Battle Just Beginning Over Cuomo’s Budget Cut Plans
(AP) New York Gov. Andrew Cuomo last week presented a budget proposal that could result in the first year-to-year spending cuts in 15 years. He also exposed a hidden budget scheme he said jacked up spending for decades. By the end of the week, the lifelong liberal Democrat drew applause even from conservatives.
That might have been the easy part.
Cuomo, who spent last year’s campaign and his five weeks in office vilifying what he called Albany’s entrenched special interests, is now taking his fiscal vision on the road. He said popular support is essential to turn his proposal, or most of it, into a budget when it’s due Apr. 1.
Long overtaxed and deeply cynical New Yorkers are quick to support cuts to billions of dollars of overspending in Albany. But it will be a harder sell when they learn cutting a few thousand dollars means laying off their kid’s favorite teacher or custodians at the local hospital, closing a homeless shelter, freezing aid for foster care families, delaying a proposed safe house for sexually exploited youths, or reducing state police road patrols.
“It’s still being sold mostly on the wholesale level where it tends to be conceptual and attractive,” said Democratic Assemblyman John McEneny of Albany. “But when flesh and blood is injected into it, then we’ll see greater opposition developing around the specifics.”
There has already been a reaction in places like the Pine Bush schools, where the superintendent said the district addressed a smaller budget cut last year by getting rid of four administrators, more than 60 teachers and 80 assistants and monitors.
Pine Bush Superintendent Philip Steinberg told the Times Herald- Record of upstate Middletown that the governor is “going to be responsible for setting back the education program in this state 10 years.”
Costas Panagopoulos, a political science professor at Fordham University and editor of Campaigns and Elections magazine, said Cuomo is taking a political gamble. But he said there was evidence in opinion surveys that the public understands that something needs to be done.
“I think it is going to be a tough battle, but New Yorkers, like Americans generally, recognize there are big financial problems that need to be addressed and there are no easy solutions,” Panagopoulos said.
“I think that what Cuomo suspects is that the public is willing to accept some short-term cuts in the interest of putting in place long-term solutions that lead to more sustainable fiscal policies.”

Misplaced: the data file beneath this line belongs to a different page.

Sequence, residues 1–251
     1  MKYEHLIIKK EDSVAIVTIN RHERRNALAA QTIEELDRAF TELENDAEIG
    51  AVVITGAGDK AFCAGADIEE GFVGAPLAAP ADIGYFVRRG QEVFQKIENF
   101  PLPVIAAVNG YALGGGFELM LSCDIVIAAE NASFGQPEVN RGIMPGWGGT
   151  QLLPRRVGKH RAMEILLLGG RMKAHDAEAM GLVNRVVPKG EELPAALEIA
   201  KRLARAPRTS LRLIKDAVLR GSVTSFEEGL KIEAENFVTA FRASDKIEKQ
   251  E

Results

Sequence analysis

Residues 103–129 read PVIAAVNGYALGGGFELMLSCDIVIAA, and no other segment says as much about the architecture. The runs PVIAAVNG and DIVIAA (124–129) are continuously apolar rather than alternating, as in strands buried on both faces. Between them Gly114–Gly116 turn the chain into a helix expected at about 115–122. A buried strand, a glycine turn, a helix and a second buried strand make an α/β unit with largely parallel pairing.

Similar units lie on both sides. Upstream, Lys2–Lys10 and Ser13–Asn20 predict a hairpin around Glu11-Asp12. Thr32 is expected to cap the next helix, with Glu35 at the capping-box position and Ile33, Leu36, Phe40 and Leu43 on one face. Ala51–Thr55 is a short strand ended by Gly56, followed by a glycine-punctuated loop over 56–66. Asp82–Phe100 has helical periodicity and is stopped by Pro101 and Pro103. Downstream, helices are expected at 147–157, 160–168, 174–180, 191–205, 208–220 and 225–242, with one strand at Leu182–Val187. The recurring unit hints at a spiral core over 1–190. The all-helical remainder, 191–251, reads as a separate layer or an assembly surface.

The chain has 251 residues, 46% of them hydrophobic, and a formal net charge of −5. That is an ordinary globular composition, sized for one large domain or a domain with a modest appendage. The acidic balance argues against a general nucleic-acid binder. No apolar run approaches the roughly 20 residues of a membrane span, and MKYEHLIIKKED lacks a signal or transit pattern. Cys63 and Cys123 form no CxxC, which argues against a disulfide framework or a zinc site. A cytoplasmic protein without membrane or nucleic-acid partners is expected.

Cuomo is banking on it.
“I’m telling the people of the state: ‘You want to change the state? You have to do it with me,’” Cuomo said last Friday, Feb. 4 at Daemen College in Amherst. “I went back to Albany basically 30 years later, after when my father first started and I went up as a kid. The same lobbyists are there, the same special interests are there.”
“You will only defeat the lobbyists when the politicians know the people demand change,” Cuomo said at Manhattanville College in Purchase last Thursday, Feb. 3. “I’m going to do it, but I need them to do their part. And their part is to make their voice heard.”
Robert Ward, director of Fiscal Studies at the Nelson A. Rockefeller Institute of Government, said Cuomo exercised “purity of approach” in explaining his cuts last Tuesday, Feb. 1.
“Governors traditionally say they aren’t raising taxes and there is some significant wiggle room in that, usually,” Ward said. “There is very little wiggle room here ... whether people like it or dislike it, it is an extremely clear presentation of a fiscally conservative approach.”
Cuomo’s $132.9 billion budget proposal to the Legislature would cut spending 2.7 percent, or $3.37 billion, thanks in part to the elimination of more than $5 billion in temporary federal stimulus in the current budget. His cuts include 10 percent lopped off public universities and a historic 7.3-percent cut to school aid. The goal is to erase a $10 billion deficit without increasing broadbased taxes.
It is a different way to budget, but it’s also a different way to govern.
“What Cuomo is doing is—if not unique—extraordinarily novel,” said political scientist Doug Muzzio of Baruch College. “He’s running a permanent campaign as governor.”
“How does it play to the public? The last polls I looked at were really high,” Muzzio said. “If he keeps up the momentum, like a great running back keeping his feet churning, he can break tackles and make long runs.”
“It ain’t going to be easy and it’s going to be bloody,” Muzzio said.
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